I really don't know what caused the problem.  The symptom was exactly the same as after we had the coolant flushed a couple of years ago and the mechanic didn't get rid of / bleed all the air pockets out of the system.  The bus warning lights came on, I had 2 -3 seconds to pull off the road before the engine died.  Wait 15 minutes.  The engine started right up.  

Same thing this time.  Except that when it died, we were on a steep grade.  Not much momentum to get off to the side of the road.  Almost got hit by a semi when we first pulled off.  He was riding part-way in the shoulder.  He swerved with his trailer barely missing the end of the bus.  Anyways, I put out the 3 triangles, etc,.  and called Nick.  It is sooo good to have such great friends through our network of busnuts.  

Oil level, coolant level, etc. all good.  New batteries.  Full of fuel.  Engine temp looked good.  

Any other suggestions would be deeply appreciated as it is really scary having the engine cut off like that.  Of course, if it was just an air pocket there is not much I can do about that I suppose.  We had all the coolant hoses replaced 1700 miles ago.  My next stop by the shop I'll have the sensors replaced.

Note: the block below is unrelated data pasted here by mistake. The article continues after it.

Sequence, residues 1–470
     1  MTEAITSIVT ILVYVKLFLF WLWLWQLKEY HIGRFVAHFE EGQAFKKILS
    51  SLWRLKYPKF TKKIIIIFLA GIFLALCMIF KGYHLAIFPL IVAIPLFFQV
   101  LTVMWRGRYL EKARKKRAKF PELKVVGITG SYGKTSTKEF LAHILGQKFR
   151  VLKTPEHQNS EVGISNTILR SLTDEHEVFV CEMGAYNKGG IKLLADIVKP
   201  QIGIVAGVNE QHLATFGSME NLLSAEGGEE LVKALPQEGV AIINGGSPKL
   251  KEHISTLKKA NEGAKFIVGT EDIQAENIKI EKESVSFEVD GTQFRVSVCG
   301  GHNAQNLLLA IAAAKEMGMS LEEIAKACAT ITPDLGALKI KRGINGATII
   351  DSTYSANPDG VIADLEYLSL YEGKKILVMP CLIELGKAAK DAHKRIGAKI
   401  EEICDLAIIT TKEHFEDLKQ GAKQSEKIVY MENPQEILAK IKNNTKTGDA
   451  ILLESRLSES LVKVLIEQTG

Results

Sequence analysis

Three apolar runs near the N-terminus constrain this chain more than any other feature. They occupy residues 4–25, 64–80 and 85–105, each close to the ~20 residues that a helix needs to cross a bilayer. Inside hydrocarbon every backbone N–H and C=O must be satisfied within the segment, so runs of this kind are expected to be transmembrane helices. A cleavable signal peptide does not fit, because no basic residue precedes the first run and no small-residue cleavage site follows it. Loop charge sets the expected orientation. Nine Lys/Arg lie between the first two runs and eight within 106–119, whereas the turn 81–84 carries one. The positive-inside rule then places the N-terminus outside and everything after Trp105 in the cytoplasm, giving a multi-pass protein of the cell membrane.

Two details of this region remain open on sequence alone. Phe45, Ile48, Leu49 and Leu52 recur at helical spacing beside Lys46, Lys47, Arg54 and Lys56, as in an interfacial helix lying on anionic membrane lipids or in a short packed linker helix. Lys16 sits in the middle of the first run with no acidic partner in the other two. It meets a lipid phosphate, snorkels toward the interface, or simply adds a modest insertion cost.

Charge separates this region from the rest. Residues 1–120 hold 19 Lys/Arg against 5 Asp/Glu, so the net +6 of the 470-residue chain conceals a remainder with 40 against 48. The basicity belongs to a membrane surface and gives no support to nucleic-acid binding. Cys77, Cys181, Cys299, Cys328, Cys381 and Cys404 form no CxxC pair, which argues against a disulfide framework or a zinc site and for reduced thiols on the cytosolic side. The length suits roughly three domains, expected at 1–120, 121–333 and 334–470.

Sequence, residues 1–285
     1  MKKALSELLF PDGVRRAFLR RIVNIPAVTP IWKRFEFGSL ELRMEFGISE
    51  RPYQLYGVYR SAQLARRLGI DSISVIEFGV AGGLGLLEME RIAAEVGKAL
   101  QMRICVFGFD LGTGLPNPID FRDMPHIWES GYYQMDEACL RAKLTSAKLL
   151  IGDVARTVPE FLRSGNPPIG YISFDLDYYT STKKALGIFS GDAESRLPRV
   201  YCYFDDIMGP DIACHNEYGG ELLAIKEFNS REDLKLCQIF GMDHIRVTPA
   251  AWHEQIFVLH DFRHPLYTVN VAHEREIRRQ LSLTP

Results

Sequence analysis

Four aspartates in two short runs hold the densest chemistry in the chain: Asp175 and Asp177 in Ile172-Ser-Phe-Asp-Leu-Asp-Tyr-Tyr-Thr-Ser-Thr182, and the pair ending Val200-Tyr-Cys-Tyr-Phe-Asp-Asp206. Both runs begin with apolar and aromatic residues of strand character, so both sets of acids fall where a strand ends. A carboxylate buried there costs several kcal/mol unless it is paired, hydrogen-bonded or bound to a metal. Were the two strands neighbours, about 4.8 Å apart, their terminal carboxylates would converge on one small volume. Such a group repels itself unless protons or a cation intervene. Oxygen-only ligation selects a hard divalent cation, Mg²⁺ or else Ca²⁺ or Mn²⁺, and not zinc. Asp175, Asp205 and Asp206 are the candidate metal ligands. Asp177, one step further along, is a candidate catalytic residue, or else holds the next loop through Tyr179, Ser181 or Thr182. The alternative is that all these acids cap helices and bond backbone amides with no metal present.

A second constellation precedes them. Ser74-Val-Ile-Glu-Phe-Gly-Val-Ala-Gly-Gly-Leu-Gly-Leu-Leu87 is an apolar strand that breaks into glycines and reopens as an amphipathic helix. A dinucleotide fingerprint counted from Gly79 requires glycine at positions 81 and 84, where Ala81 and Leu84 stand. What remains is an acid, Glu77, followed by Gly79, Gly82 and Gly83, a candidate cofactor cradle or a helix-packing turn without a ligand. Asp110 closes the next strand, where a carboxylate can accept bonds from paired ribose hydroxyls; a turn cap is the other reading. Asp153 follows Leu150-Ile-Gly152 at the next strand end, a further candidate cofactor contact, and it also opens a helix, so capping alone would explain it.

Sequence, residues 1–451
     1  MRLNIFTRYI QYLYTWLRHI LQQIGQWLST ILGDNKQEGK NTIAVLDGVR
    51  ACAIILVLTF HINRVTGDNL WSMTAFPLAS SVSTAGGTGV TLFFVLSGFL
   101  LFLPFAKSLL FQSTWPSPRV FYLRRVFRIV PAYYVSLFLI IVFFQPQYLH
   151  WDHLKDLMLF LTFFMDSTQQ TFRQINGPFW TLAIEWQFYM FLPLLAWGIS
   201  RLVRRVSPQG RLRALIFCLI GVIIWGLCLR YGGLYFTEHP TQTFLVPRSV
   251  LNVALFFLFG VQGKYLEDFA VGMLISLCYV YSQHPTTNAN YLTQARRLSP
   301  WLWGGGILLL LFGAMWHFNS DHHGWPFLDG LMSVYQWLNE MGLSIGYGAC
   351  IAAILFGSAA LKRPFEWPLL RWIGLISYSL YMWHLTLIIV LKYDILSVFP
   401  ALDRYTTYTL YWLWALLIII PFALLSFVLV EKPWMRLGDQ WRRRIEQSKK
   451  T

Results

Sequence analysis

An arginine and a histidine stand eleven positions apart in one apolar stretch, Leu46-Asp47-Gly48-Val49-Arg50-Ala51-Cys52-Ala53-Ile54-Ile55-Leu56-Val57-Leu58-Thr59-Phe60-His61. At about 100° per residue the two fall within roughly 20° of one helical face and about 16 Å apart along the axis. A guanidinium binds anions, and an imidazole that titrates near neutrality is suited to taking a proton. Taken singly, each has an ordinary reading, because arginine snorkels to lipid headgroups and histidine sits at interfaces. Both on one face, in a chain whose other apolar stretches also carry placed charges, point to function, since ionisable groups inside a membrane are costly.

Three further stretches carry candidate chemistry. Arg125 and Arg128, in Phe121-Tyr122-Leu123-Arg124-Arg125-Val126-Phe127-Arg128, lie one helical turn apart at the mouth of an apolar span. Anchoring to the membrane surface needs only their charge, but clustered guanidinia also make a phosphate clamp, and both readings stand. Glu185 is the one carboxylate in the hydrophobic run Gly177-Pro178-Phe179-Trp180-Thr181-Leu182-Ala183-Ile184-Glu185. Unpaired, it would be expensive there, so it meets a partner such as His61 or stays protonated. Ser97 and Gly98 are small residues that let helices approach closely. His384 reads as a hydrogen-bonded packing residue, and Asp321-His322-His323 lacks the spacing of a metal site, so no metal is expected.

We are now safely in San Angelo visiting family.  All systems running fine.  Last 250 miles no problems.

Thanks again,  Kind Regards, Phil

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« Reply #8 on: December 29, 2006, 07:57:16 AM »

Phil,

We had a fire engine just quit on the way to a fire last Saturday.  It was going up a steep grade.  The engine temp was cold (just started a mile earlier).  The oil pressure was good.  We have a bypass switch for our auto-shut down devices.  The operator tripped that and brought it back to the station.  (The fire was put out by the next engine).  It is in the shop now.  Usually the mechanics can't dupicate the symptoms once at the shop.  We were lucky this time.  It did the same thing for the mechanic on flat ground too.

I'll talk to the mechanic this morning and give you an update.

Glad to hear you are safe and on the road again.


Dave T.
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« Reply #9 on: December 29, 2006, 08:00:57 AM »

Well, I know that this is a long shot but this really happened to me.  My MC5A was cutting out frequently but powering back up within 10 to 15 seconds as a rule, and put me to the side of the road twice, but would restart after a short time.

Of course I thought of all the usual things that it could be, to no avail.